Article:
MILLWOOD, Georgia—Down a long, dirt backroad in this tiny Georgia town, the beginnings of millions of acres’ worth of forests are budding in a Rayonier seed orchard.
The tiny pine cones forming in these carefully-bred trees—so tiny, they’re called “conelets”—will grow into the forests that provide wood products for future generations 20 years from now. Rayonier’s Forest Productivity & Sustainability team is determined to ensure they’ll be the best trees this company has ever seen.
Morning after morning, Genetic Resources Manager David Barker stops at this seed orchard on his way to the office, climbing into a mechanical lift to take a peek at the conelets. He is watching for signs that the conelets, which are the female “flower” part of the tree, are nearly ready to peel back their leafy outsides, called bracts. Known to researchers as “stage 5,” it will be the precious, short window of time when the conelets are receptive to pollination before the bracts close again.
Acting Fast in the Seed Orchard
When they’re nearly ready, Seed Production Manager Austin Smith snaps into action, working with a dedicated team of contractors to place a paper bag over each flower cluster. At this tender size, the conelet is very fragile and must be handled with care, so each bag is fitted with a wire that keeps the sides of the bag from injuring the flower. With the bags in place, the random pollen that comes with the wind, which could come from disease-prone or less robust trees, won’t be able to interfere with the conelets’ potential.
Austin and his helpers work from sunrise to sundown, using mechanical lifts to reach into the treetops and access the flowers. Tens of thousands of clusters are covered with bags that look similar to a paper lunch sack.
Introducing Pollen From Superior Trees
The research team will check the flowers again in the days to come until they’re open. Then they will use air guns to dust pollen from superior trees into each of the bags. (Rayonier also harvests the male part of the tree, called the catkin, to collect pollen in liter-sized jugs, drying it into a powdery substance and storing it in freezers for future years). The pollen comes from trees that Rayonier has chosen for disease resistance, straightness, volume growth, height and diameter.
“It’s really incredible to be able to actually make this happen when we’ve spent so much time on paper planning to make it happen,” Austin said during a rare break at Millwood recently. He likes to compare the process to horse breeding: the best of the best trees are selected, the result of years of genetic research.
Once the conelets’ scales close up, they are no longer receptive to pollen and the bags will be removed. The conelets will grow to full-size pine cones over the next 18 months. Then the cones will be harvested and sent to a seed extracting company. The resulting millions of seeds will then be shipped to our seedling nursery in Elberta, Alabama, for planting. After growing in the nursery for about a year, the baby pine trees will be planted in forests throughout our ownership across the United States.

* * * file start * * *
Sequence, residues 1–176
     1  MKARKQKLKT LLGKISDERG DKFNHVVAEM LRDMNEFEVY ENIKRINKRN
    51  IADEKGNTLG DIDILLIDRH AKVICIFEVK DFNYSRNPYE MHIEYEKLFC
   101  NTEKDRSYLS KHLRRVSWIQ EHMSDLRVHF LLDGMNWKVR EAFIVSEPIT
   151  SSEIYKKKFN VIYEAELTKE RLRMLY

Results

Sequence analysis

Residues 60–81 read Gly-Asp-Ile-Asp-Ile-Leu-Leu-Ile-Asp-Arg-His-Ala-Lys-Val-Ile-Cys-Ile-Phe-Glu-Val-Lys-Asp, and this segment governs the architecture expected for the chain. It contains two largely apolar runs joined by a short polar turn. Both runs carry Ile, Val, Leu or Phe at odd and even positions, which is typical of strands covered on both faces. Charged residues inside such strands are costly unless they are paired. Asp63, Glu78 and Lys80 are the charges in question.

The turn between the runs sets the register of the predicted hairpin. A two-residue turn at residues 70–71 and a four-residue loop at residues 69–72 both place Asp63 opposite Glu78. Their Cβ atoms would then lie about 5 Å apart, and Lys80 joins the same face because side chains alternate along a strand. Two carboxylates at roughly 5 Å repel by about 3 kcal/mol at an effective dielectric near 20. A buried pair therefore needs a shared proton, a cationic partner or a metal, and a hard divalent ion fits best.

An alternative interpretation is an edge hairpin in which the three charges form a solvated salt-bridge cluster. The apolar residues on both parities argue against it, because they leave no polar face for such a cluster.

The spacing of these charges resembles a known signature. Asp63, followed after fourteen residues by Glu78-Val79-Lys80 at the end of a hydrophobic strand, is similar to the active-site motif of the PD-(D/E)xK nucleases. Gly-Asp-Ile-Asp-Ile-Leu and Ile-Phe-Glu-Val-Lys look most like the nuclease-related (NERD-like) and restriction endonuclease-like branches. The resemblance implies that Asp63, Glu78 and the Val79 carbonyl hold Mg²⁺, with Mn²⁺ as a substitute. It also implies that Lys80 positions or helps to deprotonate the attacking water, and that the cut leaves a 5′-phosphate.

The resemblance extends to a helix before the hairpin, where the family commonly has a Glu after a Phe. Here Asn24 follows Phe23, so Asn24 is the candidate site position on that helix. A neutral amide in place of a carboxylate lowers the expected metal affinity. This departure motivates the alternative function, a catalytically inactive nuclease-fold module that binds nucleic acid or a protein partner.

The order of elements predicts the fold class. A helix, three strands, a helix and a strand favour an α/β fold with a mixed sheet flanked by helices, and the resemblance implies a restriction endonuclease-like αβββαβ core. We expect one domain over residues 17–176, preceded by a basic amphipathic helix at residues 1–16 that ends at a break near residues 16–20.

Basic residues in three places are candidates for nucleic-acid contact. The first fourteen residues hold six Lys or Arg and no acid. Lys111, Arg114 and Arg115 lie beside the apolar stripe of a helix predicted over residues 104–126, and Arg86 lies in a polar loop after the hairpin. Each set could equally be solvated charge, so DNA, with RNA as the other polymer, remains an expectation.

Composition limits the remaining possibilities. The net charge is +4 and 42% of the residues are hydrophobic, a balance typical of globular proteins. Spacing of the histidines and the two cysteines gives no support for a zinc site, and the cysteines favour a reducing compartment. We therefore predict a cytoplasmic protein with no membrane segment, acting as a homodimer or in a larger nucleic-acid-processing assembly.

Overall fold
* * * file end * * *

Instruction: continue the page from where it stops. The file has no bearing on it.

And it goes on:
Decades of Research
For over 50 years, our research team has nurtured seed orchards of pines that, unlike plantation pines, are intentionally spaced wide apart to allow their branches to spread, producing as many cones as possible. While the seeds that come from the Millwood Orchard will be sent into our forests, we also use the controlled pollination process on a much smaller scale for research as we continue to improve the parents of our future generations of trees.
Just a few weeks before the mass bagging operation in Millwood, Tree Improvement Forester Serenia O’Berry bagged and pollinated conelets in Rayonier’s Ohoopee Seed Orchard in Reidsville, GA, on a small cluster of trees. Each had to be specially tagged and marked to ensure researchers would know which male and female parents were used. Seeds from those cones will be harvested, planted and grown and monitored closely. In about five to six years, testing on the trees that grow from those seeds can determine whether they are ideal parents. It sounds like a long time to wait for results, but by forestry standards, it’s not. Researchers in previous generations had to wait as much as 15 years before testing their genetic breeding.
Serenia says selective breeding, something that has been done in the agricultural world for centuries, speeds up what nature would have done on its own over a much longer period of time. And, by managing the parents of our trees, Rayonier is able to make more uniform, consistently-growing stands of trees, which is ideal in forestry.
Despite the long hours during pollination season and countless trips up and down into the treetops to monitor the flowers, the research team looks forward to this process all year.
“I love getting to do the research, I love getting to be in a lift and I really love to be able to contribute to that next generation of trees,” Serenia says. “This is hands-down my favorite part of my job.”